But funnily enough I’m not sure people want great art. One of the interesting things about writing a blog is that you get lots of data about how many people read various posts and the search terms people use to find your blog.
So twenty eight people have found my blog whilst looking for Marks and Spencer’s knickers, [updated, now 134] leaving me wondering it they were completely satisfied with what they found.
A further seven have found the blog when searching for lesbians in cars, [now 121] whilst others have found it searching for Jehovah’s Witnesses, cute sex, and ‘what happens to coins thrown in fountains.’ (In the case of the last one I assume the local authority sweeps up the coins and banks them, leaving a few as seed corn to encourage people to keep throwing them in.)

I can only assume that these people have looked at an awful lot of websites before their search engine has finally brought them to mine. But whilst I can imagine my site came as something of a disappointment to them, I hope the people who found me by searching for ‘dustbin wagons’ and ‘Mirkwood Yorkshire’ went away happy.

At this point I was reminded of the phrase “No one ever went broke underestimating the intelligence of the American people.” Out of completeness I thought I’d track down who said it, just in case some wandering savant on a quest for M&S Hosiery happens by. It was said by Henry Louis Mencken, a man who died a couple of months before I was born.
I read some more of his quotes.

In 1918 he wrote
“Civilization, in fact, grows more and more maudlin and hysterical; especially under democracy it tends to degenerate into a mere combat of crazes; the whole aim of practical politics is to keep the populace alarmed (and hence clamorous to be led to safety) by menacing it with an endless series of hobgoblins, most of them imaginary.”

That strikes me as remarkably close to the bone at the moment with our liberties being leeched away to protect us against more and more unquantifiable threats.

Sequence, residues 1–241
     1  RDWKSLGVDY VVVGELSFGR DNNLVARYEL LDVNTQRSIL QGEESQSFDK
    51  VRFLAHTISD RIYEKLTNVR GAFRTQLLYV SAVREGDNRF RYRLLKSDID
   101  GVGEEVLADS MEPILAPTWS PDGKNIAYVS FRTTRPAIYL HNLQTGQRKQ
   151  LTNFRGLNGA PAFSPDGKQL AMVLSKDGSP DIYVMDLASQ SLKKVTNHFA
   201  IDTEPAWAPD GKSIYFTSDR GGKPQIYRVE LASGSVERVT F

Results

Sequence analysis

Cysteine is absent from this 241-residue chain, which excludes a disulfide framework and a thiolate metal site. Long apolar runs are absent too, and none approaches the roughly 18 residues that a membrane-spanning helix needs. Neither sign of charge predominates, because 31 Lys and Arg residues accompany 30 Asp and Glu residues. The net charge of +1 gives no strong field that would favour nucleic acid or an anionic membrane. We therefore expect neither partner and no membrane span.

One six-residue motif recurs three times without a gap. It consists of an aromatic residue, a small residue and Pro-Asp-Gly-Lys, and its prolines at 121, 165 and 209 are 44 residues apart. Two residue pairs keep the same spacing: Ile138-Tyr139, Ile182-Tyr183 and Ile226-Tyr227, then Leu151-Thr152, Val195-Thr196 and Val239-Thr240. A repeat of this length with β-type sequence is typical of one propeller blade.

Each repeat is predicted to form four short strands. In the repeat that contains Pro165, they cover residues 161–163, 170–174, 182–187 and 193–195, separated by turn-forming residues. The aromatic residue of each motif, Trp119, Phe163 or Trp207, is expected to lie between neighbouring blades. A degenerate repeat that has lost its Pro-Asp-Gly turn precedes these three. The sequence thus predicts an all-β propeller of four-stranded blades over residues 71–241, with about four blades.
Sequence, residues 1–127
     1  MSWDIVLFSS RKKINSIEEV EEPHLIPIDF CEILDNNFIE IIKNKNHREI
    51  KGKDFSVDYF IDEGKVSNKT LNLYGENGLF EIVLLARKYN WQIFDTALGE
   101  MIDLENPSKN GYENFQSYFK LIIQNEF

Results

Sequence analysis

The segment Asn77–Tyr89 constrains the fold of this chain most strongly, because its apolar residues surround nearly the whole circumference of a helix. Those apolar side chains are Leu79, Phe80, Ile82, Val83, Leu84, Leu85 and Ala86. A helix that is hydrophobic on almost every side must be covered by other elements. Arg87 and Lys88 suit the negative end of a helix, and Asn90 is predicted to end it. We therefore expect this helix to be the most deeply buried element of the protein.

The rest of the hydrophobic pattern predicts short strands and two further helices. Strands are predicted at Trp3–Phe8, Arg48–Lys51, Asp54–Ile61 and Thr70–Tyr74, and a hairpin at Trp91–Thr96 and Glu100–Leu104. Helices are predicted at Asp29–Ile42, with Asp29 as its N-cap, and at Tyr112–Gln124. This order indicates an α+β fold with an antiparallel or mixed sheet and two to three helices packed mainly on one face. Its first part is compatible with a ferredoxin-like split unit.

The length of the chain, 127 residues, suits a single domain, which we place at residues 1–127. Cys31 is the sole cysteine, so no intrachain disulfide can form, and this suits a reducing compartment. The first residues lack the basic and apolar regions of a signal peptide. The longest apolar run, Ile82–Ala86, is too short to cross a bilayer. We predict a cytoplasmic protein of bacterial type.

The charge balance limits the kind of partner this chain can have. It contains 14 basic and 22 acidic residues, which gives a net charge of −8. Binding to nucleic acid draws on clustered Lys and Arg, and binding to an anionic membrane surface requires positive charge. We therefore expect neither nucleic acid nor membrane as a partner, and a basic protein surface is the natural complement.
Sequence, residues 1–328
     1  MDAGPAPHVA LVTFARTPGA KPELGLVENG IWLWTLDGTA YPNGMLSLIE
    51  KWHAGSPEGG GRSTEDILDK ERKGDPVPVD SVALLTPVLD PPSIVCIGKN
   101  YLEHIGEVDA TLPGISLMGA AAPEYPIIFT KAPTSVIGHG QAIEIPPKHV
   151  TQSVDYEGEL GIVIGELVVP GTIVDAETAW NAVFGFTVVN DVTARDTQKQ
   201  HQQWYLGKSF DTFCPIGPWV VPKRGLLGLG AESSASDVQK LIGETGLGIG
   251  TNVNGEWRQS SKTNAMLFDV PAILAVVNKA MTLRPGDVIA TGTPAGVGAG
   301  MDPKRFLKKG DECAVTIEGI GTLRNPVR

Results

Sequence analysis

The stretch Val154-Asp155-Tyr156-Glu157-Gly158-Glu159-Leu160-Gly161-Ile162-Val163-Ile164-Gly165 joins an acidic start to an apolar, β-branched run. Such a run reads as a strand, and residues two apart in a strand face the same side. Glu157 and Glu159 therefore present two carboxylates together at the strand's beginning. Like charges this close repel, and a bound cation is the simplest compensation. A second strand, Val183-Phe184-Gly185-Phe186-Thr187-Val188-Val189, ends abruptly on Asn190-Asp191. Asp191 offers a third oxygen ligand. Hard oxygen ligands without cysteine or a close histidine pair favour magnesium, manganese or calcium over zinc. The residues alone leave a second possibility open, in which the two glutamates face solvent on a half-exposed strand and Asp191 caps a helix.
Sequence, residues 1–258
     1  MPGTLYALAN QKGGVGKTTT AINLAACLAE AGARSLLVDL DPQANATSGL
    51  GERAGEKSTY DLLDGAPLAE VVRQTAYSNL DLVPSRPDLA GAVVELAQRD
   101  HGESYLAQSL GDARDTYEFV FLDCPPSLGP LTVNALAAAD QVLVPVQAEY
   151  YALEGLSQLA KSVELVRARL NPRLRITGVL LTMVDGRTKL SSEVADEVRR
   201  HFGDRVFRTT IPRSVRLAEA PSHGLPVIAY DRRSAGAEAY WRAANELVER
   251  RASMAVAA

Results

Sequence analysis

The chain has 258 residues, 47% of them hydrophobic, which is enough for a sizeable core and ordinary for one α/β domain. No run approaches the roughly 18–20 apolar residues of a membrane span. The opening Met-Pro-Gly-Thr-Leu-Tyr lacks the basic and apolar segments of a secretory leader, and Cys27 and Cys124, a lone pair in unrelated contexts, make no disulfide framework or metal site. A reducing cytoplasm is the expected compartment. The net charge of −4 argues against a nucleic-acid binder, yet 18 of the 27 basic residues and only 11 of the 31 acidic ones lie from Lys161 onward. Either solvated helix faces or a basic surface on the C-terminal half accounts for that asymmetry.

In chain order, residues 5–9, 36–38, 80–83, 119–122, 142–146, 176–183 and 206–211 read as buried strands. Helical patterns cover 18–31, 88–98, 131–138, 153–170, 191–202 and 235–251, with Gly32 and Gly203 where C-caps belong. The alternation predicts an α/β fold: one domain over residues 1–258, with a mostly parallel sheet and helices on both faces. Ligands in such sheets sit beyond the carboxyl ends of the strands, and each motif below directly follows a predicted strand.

In 1919 he wrote
“The most dangerous man to any government is the man who is able to think things out for himself, without regard to the prevailing superstitions and taboos. Almost inevitably he comes to the conclusion that the government he lives under is dishonest, insane and intolerable, and so, if he is romantic, he tries to change it. And even if he is not romantic personally he is very apt to spread discontent among those who are.”

And a final quote from the great man

“The only good bureaucrat is one with a pistol at his head. Put it in his hand and it’s good-bye to the Bill of Rights.”

You know, I’m sorry I missed him. Oh yes, and as for the title, this was another search term someone used to find this blog.
In case they’re still looking for the naked slave girl, she’s tucked behind the pillar on the left.


Oh and also from Belshazzar’s Feast, the writing on the wall.

the writing on the wall

Henry Louis Mencken could read the writing on the wall, can we?


But then what do I know?

As a reviewer commented, “This is the third collection of farmer Jim Webster’s anecdotes about his sheep, cattle and dogs. This one had added information on the Lake District’s World Heritage status. This largely depends upon the work of around 200 small family farms. Small may not always be beautiful but it can be jolly important. If you want to know the different skills needed by a sheep dog and a cow dog, or to hear tales of some of the old time travelling sales persons – read on! This is real life, Jim, but not as I know it.”

Weight loss, the easy way.